Updated: Sep 12, 2020
I started dancing the fall before I started college. Every Thursday I would meet a friend of mine at a gas station part-way to Youngstown, Ohio. We would carpool the rest of the way, dance until we were good and tired, and return home for some much needed-sleep. I'd appear at work the next day with giant sharpied X's on my hands, badges of honor from my under-drinking-age dive-bar dancing adventures. I felt very cool, spending my Thursdays completely sober, but in a bar nonetheless, dancing the night away.
I was nervous when Lacy first suggested I try partner dancing. For perspective, I had quit tap and ballet lessons when I was very little because the prospect of putting on itchy tights on weekend mornings insulted my sensibilities. And when I auditioned for a musical my first year of high school, I showed up in business casual (wanting to make a good, professional impression) when the rest of the girls walked around in spandex and Soffe shorts. I stuck out like a sore thumb, felt incredibly awkward, and smiled, prayed, and stumbled my way through the basic chorus dance audition choreography, while most other people skipped through jazz square after jazz square with apparent ease.
Luckily though, that nervousness turned into exhilaration. Though organized dance routines hadn't exactly been for me, from childhood I had loved flailing around in the living room to Prince and ABBA when my mom cranked up the stereo. That had turned into an adolescent tendency to spin around the kitchen, packing my lunch and mimicking whatever moves were happening on the latest episode of So You Think You Can Dance. When Lacy asked if I wanted to go dancing with her, I thought:
I am going to be like one of those people on Dancing with the Stars. But with fewer sequins and way less cleavage.
I still don't look like those people on Dancing with the Stars, but it turns out that the reality of social partner dancing can be way more fun than even the most glossy of dance-y stereotypes. All sorts of people show up to lessons and dances—all ages, all sizes, all genders, wearing everything from fancy vintage suits and intricate hairpieces to sweatpants and bedraggled graphic tees.
And they all make the shapes of the dances in their own ways—with swing, there's no perfect way to do things. It's a vernacular dance that has been added to and adapted for ages, since the development of swing music from its roots in blues and jazz music, primarily in black communities, in the 20's and 30's.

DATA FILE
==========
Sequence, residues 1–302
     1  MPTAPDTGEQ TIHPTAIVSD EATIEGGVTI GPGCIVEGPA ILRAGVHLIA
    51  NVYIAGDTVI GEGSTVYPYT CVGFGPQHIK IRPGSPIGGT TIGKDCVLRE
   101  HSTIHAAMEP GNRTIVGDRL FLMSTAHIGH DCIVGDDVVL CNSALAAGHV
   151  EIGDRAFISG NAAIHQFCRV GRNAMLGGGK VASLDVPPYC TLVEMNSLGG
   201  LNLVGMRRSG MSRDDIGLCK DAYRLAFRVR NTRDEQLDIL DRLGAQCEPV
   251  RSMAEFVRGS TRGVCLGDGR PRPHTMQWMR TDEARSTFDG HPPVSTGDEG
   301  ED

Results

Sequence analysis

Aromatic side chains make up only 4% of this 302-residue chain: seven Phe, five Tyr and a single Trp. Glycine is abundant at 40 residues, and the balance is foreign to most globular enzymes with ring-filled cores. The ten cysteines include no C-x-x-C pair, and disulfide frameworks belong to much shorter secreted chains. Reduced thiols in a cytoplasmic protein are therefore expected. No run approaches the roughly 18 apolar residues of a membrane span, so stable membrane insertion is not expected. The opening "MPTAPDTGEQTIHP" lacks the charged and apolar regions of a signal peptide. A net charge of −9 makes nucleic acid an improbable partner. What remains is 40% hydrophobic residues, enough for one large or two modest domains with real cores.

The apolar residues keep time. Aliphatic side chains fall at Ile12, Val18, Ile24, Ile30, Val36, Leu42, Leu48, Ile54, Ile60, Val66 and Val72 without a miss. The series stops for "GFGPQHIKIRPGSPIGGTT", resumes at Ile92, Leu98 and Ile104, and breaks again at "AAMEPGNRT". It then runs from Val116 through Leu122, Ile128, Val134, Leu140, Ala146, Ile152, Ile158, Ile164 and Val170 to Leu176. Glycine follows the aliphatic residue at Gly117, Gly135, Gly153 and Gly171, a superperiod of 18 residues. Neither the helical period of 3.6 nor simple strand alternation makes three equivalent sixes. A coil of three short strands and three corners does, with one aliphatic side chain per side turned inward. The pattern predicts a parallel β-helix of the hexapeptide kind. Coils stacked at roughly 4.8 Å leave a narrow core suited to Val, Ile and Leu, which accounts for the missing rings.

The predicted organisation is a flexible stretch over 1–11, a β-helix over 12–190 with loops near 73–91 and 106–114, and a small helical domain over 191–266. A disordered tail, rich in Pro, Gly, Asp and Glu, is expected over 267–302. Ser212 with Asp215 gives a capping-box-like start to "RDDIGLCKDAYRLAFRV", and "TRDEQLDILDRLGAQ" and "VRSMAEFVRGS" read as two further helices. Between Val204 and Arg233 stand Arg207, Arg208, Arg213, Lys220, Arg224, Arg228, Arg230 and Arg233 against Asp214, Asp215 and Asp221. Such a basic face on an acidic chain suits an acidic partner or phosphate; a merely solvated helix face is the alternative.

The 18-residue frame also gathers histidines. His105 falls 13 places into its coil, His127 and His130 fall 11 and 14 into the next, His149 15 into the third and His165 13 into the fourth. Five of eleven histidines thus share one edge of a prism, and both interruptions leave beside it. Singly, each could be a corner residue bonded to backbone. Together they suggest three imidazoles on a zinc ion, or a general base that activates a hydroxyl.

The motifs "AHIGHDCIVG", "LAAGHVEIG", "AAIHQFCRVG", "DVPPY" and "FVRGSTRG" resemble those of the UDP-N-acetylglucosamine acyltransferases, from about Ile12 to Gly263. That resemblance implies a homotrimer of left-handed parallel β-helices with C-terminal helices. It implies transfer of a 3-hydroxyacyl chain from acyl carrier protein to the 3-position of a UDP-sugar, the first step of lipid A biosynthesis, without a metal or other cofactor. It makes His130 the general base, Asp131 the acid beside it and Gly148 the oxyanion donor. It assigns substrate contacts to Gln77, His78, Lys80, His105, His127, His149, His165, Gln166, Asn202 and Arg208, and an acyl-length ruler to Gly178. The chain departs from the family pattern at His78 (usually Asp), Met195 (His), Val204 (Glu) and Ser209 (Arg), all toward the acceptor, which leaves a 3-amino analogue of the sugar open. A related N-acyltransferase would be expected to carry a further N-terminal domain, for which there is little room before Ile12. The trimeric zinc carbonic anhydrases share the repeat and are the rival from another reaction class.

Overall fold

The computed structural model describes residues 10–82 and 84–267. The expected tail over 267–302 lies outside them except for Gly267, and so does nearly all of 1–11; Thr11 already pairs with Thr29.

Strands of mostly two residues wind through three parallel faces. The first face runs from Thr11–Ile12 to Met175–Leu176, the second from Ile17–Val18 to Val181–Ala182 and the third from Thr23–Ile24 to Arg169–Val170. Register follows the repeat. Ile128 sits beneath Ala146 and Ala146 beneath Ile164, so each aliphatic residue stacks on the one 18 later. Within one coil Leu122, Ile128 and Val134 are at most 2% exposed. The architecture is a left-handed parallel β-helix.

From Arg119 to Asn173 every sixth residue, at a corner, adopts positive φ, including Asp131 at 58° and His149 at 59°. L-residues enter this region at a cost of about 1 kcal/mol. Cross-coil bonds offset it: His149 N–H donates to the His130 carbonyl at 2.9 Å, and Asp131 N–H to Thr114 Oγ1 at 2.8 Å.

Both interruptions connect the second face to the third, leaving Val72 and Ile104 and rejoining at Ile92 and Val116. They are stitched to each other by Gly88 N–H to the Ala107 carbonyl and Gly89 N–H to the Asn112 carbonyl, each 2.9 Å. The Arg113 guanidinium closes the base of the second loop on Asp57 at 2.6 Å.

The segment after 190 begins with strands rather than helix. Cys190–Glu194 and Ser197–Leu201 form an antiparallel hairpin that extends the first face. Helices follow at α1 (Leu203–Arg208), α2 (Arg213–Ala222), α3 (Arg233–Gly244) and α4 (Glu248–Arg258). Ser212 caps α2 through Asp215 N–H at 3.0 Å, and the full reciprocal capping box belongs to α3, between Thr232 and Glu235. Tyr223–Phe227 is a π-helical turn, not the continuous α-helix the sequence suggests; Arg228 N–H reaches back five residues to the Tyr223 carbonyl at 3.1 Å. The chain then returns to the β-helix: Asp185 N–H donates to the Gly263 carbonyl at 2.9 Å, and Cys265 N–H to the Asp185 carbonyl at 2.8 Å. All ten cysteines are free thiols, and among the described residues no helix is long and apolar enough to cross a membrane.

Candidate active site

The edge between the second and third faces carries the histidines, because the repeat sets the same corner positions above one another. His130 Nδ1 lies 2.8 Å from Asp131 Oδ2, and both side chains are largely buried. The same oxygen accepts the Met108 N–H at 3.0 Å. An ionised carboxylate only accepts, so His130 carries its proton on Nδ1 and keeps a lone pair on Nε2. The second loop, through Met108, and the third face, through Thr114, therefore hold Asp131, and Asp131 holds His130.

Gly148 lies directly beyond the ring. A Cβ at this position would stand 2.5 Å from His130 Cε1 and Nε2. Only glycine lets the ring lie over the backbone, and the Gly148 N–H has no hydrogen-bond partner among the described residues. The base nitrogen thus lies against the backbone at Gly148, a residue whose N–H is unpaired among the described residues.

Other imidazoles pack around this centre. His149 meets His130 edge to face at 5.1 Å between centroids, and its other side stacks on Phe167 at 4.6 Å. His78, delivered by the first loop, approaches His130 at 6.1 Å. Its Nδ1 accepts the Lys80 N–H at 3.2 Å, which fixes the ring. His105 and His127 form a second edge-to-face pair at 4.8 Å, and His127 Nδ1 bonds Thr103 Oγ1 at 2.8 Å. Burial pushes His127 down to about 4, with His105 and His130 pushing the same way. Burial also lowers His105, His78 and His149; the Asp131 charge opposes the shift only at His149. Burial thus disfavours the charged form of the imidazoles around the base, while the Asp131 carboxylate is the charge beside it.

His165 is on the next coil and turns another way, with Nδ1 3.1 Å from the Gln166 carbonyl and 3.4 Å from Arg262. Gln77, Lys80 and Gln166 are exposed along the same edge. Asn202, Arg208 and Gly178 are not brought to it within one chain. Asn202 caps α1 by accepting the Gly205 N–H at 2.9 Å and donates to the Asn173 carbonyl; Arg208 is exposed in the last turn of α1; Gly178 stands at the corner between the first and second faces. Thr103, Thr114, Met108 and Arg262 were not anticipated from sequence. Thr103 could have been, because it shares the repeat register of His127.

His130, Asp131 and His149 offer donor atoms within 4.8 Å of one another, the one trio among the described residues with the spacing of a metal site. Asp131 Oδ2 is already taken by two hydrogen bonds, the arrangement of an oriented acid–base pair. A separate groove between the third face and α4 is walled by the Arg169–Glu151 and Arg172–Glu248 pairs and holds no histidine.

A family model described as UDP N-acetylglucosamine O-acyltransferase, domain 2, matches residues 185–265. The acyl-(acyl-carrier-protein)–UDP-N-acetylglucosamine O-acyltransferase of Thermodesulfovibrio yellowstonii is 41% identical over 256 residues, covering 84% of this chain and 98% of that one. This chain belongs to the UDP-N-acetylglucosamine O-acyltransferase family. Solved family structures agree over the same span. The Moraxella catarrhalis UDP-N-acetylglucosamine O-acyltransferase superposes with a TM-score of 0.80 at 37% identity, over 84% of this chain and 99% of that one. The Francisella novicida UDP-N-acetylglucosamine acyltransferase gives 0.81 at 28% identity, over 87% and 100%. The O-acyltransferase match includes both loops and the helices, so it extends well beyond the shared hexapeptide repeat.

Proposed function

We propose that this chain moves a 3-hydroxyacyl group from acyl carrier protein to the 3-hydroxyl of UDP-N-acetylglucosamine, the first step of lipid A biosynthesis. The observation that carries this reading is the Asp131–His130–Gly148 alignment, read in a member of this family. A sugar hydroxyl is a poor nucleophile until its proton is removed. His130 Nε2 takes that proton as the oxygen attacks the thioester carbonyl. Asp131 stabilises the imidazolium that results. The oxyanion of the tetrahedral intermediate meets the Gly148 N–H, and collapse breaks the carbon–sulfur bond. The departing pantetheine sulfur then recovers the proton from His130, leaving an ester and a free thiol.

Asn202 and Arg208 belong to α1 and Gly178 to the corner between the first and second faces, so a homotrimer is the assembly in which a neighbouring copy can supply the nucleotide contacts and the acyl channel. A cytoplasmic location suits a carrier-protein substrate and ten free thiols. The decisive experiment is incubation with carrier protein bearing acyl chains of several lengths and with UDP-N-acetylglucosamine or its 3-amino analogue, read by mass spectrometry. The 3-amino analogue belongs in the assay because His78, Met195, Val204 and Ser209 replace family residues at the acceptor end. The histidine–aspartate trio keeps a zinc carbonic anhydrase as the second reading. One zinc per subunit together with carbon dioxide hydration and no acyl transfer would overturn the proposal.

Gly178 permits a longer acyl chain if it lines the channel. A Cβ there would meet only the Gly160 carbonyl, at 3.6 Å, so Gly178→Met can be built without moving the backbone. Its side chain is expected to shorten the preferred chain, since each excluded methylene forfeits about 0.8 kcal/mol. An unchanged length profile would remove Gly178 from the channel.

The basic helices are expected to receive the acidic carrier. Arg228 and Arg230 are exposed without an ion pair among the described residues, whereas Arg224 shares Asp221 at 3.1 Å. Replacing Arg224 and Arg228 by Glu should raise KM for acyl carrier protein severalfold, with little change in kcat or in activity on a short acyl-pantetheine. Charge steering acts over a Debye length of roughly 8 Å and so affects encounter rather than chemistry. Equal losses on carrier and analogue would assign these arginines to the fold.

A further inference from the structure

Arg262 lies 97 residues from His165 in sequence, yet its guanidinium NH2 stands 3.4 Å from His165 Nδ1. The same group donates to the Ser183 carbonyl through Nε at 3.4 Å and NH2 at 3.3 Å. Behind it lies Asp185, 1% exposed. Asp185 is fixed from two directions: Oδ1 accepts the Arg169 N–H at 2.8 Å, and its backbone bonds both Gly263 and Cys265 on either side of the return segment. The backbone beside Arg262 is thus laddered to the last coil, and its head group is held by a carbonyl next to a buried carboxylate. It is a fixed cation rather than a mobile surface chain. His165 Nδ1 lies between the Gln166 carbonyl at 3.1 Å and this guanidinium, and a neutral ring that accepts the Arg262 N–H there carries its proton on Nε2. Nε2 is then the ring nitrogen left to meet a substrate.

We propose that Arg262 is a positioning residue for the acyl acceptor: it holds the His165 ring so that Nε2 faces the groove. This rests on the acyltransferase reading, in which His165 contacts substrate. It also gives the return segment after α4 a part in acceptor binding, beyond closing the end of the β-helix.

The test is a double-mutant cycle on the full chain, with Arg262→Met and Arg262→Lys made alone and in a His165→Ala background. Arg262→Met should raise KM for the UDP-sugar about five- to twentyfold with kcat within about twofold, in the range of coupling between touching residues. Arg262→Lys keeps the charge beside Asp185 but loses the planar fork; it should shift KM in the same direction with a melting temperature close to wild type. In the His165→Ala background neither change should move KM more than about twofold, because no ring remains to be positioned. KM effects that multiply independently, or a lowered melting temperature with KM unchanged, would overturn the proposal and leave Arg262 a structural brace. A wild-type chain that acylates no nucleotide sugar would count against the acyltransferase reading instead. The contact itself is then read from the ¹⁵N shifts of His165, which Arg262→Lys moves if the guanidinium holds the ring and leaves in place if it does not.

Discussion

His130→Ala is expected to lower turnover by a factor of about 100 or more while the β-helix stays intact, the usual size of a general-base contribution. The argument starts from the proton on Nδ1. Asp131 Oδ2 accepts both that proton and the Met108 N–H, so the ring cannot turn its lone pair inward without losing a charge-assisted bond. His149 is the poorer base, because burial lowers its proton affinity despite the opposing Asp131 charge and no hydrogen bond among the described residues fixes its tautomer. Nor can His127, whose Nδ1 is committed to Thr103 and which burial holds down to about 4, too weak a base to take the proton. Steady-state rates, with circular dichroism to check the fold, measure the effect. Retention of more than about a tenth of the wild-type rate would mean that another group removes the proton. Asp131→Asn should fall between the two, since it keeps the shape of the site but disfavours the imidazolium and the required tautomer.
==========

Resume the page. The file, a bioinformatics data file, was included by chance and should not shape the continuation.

As long as no one gets hurt, and everyone is smiling, there are no such things as mistakes—there are only new moves.
I owe my delight at this art form to the courage and ingenuity of dancers like Willa Mae Ricker, Frankie Manning, Leon James, Al Minns, Ann Johnson, and Norma Miller. For a brilliant history of the dance (though it's only the tip of the iceberg, head here.)
From those first exciting lessons and dances grew an ongoing love of this family of dances. It has brought me joy in tough moments, brightness and warmth in cold Vermont winters, and a chance to enjoy the miracle of living in a world with music, in a body with rhythm. I have learned to lead and follow, have tried out variations and different families of dance, including West Coast Swing, Lindy Hop, Charleston, Balboa, and Blues, and have attended swing events in nearly a dozen different cities. I have gotten to teach the basics of East Coast Swing/Lindy Hop to dozens of people, and have had the joy of watching some become wonderful instructors and dance community leaders in their own rights. There have been many toes stepped on, many apologies for missed moves, many moments of looking stupid in the process of getting to cool (a wonderful phrase a favorite instructor of mine used to instill confidence in the process of looking goofy in lessons).
This is all to say, you are welcome on any dance floor I'm standing on. And even if I'm not standing nearby, you should welcome yourself into this wonderful world. You won't regret it.
Unless of course you manage to trip and concuss yourself. But the odds of that are slim.